Prosecutors in the trial of two former officials of the American Israel Public Affairs Committee who are charged with mishandling classified information filed a pre-trial appeal (pdf) on Friday. The district court, they said, should not have ruled that two particular classified documents were admissible into evidence.

In appealing the admissibility of those documents, the prosecutors also took aim at a 2006 court ruling that imposed a high burden of proof on the government to show that the defendants had specific intent, among other things, to harm the United States or benefit a foreign country. Without such a showing of intent, the Espionage Act provisions under which they are charged would be unconstitutional, the lower court ruled in 2006. (See “Ruling in AIPAC Case Interprets Espionage Act Narrowly”, Secrecy News, February 20, 2007).

In its appeal, the government blasted that prior ruling.

“The district court not only manufactured unwise and unnecessary new elements of a federal criminal offense, but in doing so exceeded its constitutional authority and replaced its judgment for that of the Congress,” prosecutors wrote.

If their reasoning were to prevail, then anyone who deals with classified information without official authorization, as many national security reporters and others routinely do, could conceivably be subject to prosecution under the Espionage Act.

The partially redacted appeal brief also appeared to reframe the AIPAC case as a traditional espionage matter, stressing the unauthorized disclosure of classified information to the government of Israel and downplaying the alleged unauthorized disclosures to the press and other persons that were prominent in the original indictment.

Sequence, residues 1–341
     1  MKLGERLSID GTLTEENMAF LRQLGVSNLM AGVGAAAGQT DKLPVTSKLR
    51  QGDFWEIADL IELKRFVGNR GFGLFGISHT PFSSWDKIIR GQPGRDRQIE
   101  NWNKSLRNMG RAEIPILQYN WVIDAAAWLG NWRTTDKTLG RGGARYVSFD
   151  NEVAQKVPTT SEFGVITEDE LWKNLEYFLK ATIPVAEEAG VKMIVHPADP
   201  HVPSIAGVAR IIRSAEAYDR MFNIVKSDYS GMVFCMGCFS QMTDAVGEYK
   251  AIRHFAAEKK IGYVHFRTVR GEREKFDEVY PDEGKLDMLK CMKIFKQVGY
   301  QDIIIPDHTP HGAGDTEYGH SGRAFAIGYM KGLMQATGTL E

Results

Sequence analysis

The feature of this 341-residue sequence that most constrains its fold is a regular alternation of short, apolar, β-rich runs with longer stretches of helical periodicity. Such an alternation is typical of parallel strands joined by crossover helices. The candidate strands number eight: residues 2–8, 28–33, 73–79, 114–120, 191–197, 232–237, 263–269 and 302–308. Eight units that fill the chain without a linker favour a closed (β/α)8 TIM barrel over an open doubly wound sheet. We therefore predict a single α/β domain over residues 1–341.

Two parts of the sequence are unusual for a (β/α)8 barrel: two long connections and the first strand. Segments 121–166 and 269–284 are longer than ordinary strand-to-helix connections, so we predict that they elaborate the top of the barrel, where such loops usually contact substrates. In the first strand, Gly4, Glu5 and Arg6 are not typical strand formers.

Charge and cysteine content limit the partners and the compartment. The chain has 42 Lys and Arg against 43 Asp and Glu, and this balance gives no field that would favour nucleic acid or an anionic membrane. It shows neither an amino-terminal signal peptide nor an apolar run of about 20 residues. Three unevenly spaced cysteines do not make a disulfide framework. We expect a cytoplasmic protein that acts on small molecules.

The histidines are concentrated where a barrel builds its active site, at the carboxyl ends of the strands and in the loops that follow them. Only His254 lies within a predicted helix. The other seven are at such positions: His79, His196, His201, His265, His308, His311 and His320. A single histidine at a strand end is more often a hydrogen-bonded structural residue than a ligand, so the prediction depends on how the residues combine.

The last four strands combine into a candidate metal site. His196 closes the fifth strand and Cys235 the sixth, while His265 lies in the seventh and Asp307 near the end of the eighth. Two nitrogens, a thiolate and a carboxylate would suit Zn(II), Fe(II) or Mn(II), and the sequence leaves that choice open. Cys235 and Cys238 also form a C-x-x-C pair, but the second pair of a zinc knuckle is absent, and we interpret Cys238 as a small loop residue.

“Clandestinely obtaining and passing U.S. government classified information to the Israeli government does not represent participation in a ‘public debate’ to ‘influence United States foreign policy.’ The fact that defendants may have at some point in the conspiracy mixed lawful conduct with their illegal conspiracy to obtain and disclose NDI [national defense information] is irrelevant,” prosecutors argued.

See the Brief of the United States presented to the Fourth Circuit Court of Appeals on July 25.

The trial of the two defendants, Steven Rosen and Keith Weissman, has most recently been re-set for October 28.

The new government brief was also reported in “Prosecutors Argue for More Secrecy in Aipac Case” by Josh Gerstein, New York Sun, July 28.

Wyden Seeks Declassification of FISA Court Opinions

Senator Ron Wyden (D-OR) wrote to the Public Interest Declassification Board (PIDB) last week to request that it review the classified opinions of the Foreign Intelligence Surveillance (FIS) Court from the last ten years and make recommendations regarding their classification or declassification.

The FIS Court not only grants (or, rarely, denies) authorization for domestic intelligence surveillance. It also from time to time reinterprets the requirements of the Foreign Intelligence Surveillance Act, producing a secret body of common law.

In response to a motion filed by the ACLU last year, Judge John D. Bates of the FIS Court acknowledged (pdf) that the Court had issued several “legally significant decisions that remain classified.” The anomaly of secret law, including classified FISA court rulings, was explored in an April 30, 2008 hearing before a Senate Judiciary subcommittee chaired by Sen. Russ Feingold.